Picking a campground is pretty straightforward. Traveling the Red Roads in our RV has landed us in hundreds of campgrounds. I can say with complete confidence that not all of them are created equally. Some campgrounds are spacious, well maintained and run by people who care. Others, pardon the expression, are dumps. These are unattractive places with limited services, dilapidated trailers that never leave, piles of junk or abandoned equipment. We usually use the Trailer Life Directory software to pick a campground. We trust their descriptions and ratings and usually know what we are getting when we pull in. Sometimes we opt for the known dump.
It may be because the “low-rated” campground is the only place available, given where we are. Take West Virginia, for example. For some reason there are not a whole lot of RV parks in the State, at least not where we have been. So, if we need a place to park for a night we take what we can get. When we pass through North Carolina, we always stop at a bare bones place behind a run down motel, because we can walk a half a block to Ralph’s BBQ. These shabby places are usually inexpensive, we have our own bathroom and shower on board so we don’t have to use theirs, and, if we close the blinds, we could just as easily be at the Grand Canyon. After all, it’s only for one night.
When we are staying longer we are choosier. We look for a campground with more services, like free wireless, or a lake to do some fishing, or a location central to the things we want to see. We are also fussier about our site. Here are some of the things we consider in site selection.
How big are the sites and are they pull through or do we have to back in? This is a major issue in urban areas where real estate is at a premium. We’ve had to shoehorn ourselves into narrow sites and live on top of our neighbors in places like SanDiego, Tucson and Quebec. In your backwoods areas, it’s the trees you need to worry about. Some sites have been so narrow we have had to juggle the RV around to make sure the trees didn’t prevent us from putting out our slides or opening our storage bins.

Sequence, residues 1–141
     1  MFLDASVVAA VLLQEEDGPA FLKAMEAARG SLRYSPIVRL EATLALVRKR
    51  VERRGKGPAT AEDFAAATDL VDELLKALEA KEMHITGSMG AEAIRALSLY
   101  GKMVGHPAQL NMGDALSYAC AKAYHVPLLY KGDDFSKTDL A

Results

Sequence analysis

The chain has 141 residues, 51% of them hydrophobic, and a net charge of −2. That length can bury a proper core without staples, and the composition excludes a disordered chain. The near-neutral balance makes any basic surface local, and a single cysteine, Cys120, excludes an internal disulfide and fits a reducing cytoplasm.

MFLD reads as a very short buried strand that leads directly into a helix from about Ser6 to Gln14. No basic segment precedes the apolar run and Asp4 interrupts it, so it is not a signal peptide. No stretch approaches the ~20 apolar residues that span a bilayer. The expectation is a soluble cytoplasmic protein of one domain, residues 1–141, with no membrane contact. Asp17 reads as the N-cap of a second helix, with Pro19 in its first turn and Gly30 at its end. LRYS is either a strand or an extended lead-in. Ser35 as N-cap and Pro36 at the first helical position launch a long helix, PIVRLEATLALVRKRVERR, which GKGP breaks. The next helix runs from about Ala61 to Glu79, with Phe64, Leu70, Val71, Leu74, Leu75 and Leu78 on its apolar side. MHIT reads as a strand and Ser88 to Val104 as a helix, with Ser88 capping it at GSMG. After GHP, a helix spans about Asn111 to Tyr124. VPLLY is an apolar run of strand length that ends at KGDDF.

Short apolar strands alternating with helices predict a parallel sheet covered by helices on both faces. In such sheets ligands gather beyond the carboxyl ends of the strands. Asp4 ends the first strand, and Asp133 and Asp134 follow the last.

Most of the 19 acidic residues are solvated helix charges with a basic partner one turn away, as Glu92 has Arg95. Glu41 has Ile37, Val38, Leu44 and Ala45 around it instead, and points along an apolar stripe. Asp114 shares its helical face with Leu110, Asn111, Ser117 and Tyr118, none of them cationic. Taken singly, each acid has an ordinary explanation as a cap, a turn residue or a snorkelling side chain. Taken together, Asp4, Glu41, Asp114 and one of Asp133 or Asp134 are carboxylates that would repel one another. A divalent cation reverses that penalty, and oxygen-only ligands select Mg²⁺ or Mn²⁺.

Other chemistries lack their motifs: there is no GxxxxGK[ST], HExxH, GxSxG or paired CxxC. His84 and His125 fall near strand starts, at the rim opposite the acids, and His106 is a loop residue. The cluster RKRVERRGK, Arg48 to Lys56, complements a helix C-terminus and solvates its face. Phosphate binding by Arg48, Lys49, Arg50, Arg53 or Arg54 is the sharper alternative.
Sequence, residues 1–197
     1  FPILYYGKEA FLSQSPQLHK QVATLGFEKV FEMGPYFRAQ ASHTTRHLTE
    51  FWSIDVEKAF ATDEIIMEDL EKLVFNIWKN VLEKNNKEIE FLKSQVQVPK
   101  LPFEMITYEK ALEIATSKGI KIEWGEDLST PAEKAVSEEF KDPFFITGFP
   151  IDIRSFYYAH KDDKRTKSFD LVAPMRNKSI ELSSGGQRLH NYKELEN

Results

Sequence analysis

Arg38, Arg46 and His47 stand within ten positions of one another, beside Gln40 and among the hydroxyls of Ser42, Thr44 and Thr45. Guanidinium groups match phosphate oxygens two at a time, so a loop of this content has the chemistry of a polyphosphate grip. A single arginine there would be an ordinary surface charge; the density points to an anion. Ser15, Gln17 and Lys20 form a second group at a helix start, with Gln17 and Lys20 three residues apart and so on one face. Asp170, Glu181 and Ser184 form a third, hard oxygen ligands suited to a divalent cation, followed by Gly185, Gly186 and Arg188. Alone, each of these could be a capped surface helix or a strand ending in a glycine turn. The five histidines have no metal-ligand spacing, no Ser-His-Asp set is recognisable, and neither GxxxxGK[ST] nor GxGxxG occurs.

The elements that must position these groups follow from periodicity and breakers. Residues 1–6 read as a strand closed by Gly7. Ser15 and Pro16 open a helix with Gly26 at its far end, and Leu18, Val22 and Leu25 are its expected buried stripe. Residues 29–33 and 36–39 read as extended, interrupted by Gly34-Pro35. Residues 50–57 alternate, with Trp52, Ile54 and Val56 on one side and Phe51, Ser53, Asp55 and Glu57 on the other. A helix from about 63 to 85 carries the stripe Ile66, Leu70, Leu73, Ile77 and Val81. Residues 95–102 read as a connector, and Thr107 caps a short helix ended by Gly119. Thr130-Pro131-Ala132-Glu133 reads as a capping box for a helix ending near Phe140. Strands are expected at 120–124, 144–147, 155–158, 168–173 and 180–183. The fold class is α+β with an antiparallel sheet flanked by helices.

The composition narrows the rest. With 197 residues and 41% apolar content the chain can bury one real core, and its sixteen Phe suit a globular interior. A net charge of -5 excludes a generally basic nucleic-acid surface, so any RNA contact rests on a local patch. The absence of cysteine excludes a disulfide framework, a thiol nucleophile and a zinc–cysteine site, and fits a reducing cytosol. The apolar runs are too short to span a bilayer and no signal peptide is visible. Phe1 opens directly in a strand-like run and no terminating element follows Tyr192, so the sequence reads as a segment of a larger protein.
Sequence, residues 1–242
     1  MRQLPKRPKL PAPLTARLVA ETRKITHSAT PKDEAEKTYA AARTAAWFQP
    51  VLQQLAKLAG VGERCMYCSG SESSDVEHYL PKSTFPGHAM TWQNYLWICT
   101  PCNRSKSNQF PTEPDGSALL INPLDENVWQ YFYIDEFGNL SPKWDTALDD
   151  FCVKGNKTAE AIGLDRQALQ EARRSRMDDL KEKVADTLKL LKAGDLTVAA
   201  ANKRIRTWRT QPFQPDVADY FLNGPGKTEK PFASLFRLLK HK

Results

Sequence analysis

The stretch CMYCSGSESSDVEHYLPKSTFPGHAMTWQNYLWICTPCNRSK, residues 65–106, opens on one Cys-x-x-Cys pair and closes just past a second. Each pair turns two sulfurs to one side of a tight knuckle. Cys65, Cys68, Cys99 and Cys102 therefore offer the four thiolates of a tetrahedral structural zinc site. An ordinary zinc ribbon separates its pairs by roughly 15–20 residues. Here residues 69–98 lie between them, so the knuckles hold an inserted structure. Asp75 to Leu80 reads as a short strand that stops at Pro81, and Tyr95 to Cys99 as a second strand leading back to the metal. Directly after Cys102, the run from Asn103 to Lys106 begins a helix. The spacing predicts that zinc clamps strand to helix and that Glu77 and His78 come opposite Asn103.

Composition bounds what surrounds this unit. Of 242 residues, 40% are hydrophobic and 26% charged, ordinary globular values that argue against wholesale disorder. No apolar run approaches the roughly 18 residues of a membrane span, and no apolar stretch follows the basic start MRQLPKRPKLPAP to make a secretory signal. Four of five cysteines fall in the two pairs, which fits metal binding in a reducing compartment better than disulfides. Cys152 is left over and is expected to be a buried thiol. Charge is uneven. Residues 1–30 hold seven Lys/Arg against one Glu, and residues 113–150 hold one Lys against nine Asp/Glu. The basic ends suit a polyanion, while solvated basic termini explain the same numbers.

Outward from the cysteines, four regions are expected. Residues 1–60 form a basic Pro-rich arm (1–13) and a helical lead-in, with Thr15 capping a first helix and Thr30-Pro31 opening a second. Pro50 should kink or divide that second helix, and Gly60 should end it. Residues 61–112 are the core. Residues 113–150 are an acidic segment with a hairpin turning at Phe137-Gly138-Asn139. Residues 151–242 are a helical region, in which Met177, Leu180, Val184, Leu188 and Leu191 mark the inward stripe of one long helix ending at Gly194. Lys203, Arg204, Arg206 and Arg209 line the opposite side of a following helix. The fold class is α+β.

Where is the satellite signal? We have satellite TV so we look for an unobstructed view of the southern sky. Remember that the tradeoff of no trees and a clear signal may mean little or no shade, but we have an awning that helps with that.
Where is the water? Hubby likes his fishing and likes to be able to get up early and go right down to take some casts. So if the campground is on water we like to be within an easy walk of it. Or, we might request a spot that has easy canoe access.
Where are the bathrooms and showers? Not that we would use them very often but they tend to generate a lot of foot traffic. In one campground we had a steady stream of people cutting through our site because it was next to the bathroom. It’s the same for the playgrounds, group sites and rec halls. We like to be far away from these gathering areas.
When I say we “consider” these factors, that’s all we do. We’ll ask about them when we check in and try to find something that meets our needs. If we can’t use the satellite, we make do with cable. If we want to see Quebec, we put up with tightly packed sites. Road travel requires some flexibility. It’s hard to enjoy yourself if you get bent out of shape because there are no sites near the water.